Why It's Good to Be Unfinished

I started training for a triathlon. Today I ran for fifty minutes. I’ve been training slowly enough that I really can run for fifty minutes. But I get bored. And I have to play mind-games. Run 30 minutes. Then run 10 minutes past this spot. After that turn around and run 15 minutes in the other direction. Then run 5 minutes back, and you’ll be at your car.

Why It's Good to be Unfinished | by Cody Andras | http://www.codyandras.com/why-its-good-to-be-unfinished/

It’s kind of like middle school math word problems. But it keeps my mind focused on something that isn’t I hate running, and that is helpful. My other tricks: books on tape and new songs with good lyrics.

But there is something to be said about the steadiness of the training, of putting one foot in front of the other enough times that you make it to the end of the run. You don’t have to figure out which muscles to engage. They just work. And after a few weeks, they are different. They work differently. They move differently. They look different.

“Do you think the last year has changed you?” A friend asked me a few weeks ago.

It was a good question. I wasn’t sure of my answer. “I dunno. Do you think it changed you?” [Good, creative deflection, don’t you think?] But it got me thinking.

Yes, I think the last year has changed me. I’m not really sure how. I’m not really sure what’s different.

Maybe I’ve learned to rest a little more. Maybe I’m a little bit softer. Maybe I’m a little less inclined to spend time around people who are not that nice to me. I’m not sure if that’s good or bad, but it’s certainly more pleasant. Maybe I’m less likely to judge myself or anyone else by what we “do.”

Maybe I understand God a whole lot less than I did. Maybe I still trust Him. And maybe that’s a win.

Because the context keeps changing, but the question has stayed the same: "Do you trust Me, child?"

For a year, the future was circumstancially unclear. Nothing was certain. It was hard to hope when everything felt so vague. So I just sat there paralyzed for awhile. It was like every bit of faith got squeezed out of me, until I was convinced that it wasn’t my faith that was going to accomplish anything—it would have to be God. It would not be anything of my own making.

And then God moved. And I got a job. And my days had structure. And it was forward motion. And everything was new. And exciting. And I fell into a routine, a rhythm of placing of one foot in front of the other. And it has been a relief. And a joy. And I love it!

But I’ve been catching myself with this anxious pit in my stomach. And I haven’t really known how to define it until today. What if God is finished with me? What if He moved me here so He could move on? Placed me here to sign off on me?

Lord, I don’t want to be left. I don’t want You to move on. I don't need You to do anything fancy. I just still need You to be near, to be active, to be working on my behalf.

I need to know He isn't finished with me.

And then today, somewhere in the middle of the mind games of mile 3, I remembered that the end of a season doesn’t mean the end of my God. I realized that I'm still me. I realized that the steady rhythm of these days can still shape me. And maybe it’s not as intense as the last season. But it’s just as real. I still need Him just as badly.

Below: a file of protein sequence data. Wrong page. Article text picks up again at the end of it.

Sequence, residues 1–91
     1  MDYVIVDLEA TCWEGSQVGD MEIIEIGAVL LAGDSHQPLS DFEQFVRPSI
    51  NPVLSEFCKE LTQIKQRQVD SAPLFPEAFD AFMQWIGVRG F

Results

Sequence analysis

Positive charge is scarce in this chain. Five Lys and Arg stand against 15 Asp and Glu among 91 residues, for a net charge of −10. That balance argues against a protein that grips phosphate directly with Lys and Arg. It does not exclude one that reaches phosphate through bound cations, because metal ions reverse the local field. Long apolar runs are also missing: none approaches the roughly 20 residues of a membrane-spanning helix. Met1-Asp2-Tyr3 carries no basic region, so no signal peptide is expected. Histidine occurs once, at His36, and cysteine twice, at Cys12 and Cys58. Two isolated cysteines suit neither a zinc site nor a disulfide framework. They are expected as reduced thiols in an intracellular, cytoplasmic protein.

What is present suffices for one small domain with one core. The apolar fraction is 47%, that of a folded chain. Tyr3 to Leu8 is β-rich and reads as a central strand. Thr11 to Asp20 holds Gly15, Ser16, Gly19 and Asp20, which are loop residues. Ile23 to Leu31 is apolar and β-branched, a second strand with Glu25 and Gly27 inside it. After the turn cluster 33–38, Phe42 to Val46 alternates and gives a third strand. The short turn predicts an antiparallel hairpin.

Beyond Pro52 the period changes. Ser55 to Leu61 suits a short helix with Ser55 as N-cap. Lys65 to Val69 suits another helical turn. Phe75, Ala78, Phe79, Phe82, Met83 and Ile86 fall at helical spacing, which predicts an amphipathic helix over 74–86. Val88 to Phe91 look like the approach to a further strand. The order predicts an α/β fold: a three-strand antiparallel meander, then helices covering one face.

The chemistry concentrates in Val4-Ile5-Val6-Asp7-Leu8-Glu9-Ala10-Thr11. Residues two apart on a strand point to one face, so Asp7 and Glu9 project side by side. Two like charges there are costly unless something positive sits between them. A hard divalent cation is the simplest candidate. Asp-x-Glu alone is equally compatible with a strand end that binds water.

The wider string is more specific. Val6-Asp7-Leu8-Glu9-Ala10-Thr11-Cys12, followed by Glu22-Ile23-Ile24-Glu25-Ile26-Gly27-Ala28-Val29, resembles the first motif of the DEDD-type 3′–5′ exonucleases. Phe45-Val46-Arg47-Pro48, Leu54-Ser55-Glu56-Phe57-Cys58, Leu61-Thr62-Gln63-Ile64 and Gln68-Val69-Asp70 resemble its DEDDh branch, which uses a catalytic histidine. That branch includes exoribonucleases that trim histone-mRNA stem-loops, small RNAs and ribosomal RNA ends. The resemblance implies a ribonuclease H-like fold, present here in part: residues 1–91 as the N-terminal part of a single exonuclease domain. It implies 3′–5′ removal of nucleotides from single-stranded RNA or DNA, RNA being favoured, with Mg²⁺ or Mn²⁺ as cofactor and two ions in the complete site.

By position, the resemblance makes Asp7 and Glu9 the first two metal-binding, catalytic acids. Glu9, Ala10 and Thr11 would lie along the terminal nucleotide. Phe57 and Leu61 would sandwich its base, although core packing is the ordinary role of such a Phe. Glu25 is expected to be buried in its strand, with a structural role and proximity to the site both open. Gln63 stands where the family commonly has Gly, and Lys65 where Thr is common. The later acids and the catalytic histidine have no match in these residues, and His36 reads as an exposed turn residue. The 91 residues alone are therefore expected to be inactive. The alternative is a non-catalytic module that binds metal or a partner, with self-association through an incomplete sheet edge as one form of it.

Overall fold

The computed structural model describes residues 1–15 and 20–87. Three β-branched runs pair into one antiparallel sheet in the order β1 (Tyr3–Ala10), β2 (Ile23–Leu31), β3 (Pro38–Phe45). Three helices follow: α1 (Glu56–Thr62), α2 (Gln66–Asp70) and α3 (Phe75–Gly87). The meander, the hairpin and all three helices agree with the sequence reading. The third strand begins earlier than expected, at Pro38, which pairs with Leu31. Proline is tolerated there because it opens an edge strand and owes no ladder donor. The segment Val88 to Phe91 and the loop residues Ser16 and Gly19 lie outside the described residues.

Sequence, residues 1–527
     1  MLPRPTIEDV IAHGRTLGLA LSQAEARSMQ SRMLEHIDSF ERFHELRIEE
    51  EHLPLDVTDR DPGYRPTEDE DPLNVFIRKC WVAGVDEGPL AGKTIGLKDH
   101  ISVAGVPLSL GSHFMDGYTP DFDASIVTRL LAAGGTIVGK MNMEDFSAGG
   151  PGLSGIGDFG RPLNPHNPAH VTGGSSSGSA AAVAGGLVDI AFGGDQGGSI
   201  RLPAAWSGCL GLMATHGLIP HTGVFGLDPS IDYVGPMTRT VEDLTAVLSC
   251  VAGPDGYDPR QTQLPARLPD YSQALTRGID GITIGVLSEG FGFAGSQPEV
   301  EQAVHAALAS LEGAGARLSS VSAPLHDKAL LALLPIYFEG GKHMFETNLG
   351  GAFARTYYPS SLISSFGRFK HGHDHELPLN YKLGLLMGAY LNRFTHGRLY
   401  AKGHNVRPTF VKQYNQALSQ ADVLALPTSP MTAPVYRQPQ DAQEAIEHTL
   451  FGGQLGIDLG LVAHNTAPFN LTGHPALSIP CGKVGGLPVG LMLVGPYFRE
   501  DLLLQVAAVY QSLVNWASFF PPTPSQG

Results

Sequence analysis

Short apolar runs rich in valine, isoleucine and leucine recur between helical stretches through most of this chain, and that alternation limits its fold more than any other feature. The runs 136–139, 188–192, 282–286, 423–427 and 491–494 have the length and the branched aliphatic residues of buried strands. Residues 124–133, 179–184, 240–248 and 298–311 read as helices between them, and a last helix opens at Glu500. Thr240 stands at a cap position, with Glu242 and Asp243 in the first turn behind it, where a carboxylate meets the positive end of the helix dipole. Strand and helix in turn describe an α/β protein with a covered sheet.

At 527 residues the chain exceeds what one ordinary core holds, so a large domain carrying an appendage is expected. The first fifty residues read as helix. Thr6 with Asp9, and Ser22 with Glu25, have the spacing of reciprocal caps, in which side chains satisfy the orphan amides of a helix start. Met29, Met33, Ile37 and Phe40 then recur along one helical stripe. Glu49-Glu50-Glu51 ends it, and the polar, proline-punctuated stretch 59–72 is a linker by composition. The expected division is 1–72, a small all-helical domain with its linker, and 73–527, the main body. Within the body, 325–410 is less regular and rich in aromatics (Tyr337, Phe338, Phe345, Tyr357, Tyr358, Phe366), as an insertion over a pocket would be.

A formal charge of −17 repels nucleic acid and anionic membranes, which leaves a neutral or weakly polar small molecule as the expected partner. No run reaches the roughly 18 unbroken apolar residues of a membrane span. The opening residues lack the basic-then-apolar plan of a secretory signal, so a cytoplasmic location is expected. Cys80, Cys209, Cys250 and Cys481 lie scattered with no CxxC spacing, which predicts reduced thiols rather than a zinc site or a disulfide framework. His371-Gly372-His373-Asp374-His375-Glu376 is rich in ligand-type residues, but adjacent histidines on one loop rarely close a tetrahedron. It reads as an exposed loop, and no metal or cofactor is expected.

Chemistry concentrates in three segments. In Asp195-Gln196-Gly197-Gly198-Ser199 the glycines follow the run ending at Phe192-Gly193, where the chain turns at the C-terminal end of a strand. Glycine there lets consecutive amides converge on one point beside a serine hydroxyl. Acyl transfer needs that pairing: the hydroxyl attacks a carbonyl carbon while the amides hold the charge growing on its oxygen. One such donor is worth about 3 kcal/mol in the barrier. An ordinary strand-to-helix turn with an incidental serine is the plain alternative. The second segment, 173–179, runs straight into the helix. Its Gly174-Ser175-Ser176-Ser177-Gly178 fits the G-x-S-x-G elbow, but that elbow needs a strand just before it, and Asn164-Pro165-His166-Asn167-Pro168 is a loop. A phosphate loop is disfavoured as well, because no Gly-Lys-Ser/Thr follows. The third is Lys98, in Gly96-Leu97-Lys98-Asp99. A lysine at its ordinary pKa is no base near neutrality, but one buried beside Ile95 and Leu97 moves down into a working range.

There is a song by Jon Thurlow with the line: "Seasons have changed, and I'm aware that passion is not enough. Now that I know my weakness, Lord, oh how I need your never dying love." Yes. That.

Yes, I think the last year has changed me. I hope it has. I hope this next one does too.

Because the context keeps changing but His question has stayed the same: “Do you trust Me, child?”

I keep forgetting that He didn't bring me here to leave me.

So I made it the background of my phone:

“I am sure of this, that He who started a good work in you will carry it on to completion until the day of Christ Jesus” (Philippians 1:6).

There is freedom in being unfinished.

I can dance a little bit and act a little crazy. Or I can just walk quietly through a Monday.

You’re unfinished, too, you know. No matter what your life looks like. No matter the season. No matter the change. No matter what has ended or what has begun. No matter if it’s intense pressure or a steady placing of your feet. He’s working on you. He knows just how to do it.

And sometimes, when you make that face, when your heart breaks for that woman that you cannot help, when you reach for that friend’s hand, when you smile at that stranger or bandage that skinned knee again, our Father smiles. And He glances over at His Son. And He whispers, “She looks like You when she does that.”

And that is what He’s been after all along: sons and daughters that look like His. Because we are.

So let’s stay in this season until it folds over into the next, until the days get shorter and the mornings cool. May He hold us steadfast when we are not steady. May He kneel down beside us when we cannot stand. May His steps be the ones that we match as we run. May His heartbeat be the rhythm of our days. May we know Him. Even at times when we cannot feel Him.

Because the context keeps changing but His question has stayed the same: “Do you trust Me, child?”

And like the stubborn child that I sometimes am, I keep asking, “Can I?”

And like the faithful Father that He always is, He keeps answering, "Yes."

Sun up. Sun down. The steady rhythm of a God unchanging through it all.

Why It's Good to be Unfinished | by Cody Andras | http://www.codyandras.com/why-its-good-to-be-unfinished/

“Don’t turn away; don’t ignore me! That would be certain death. If You wake me each morning with the sound of Your loving voice, I’ll go to sleep each night trusting in You.”

Psalm 143:7-8 (MSG)

Why It's Good to be Unfinished | by Cody Andras | http://www.codyandras.com/why-its-good-to-be-unfinished/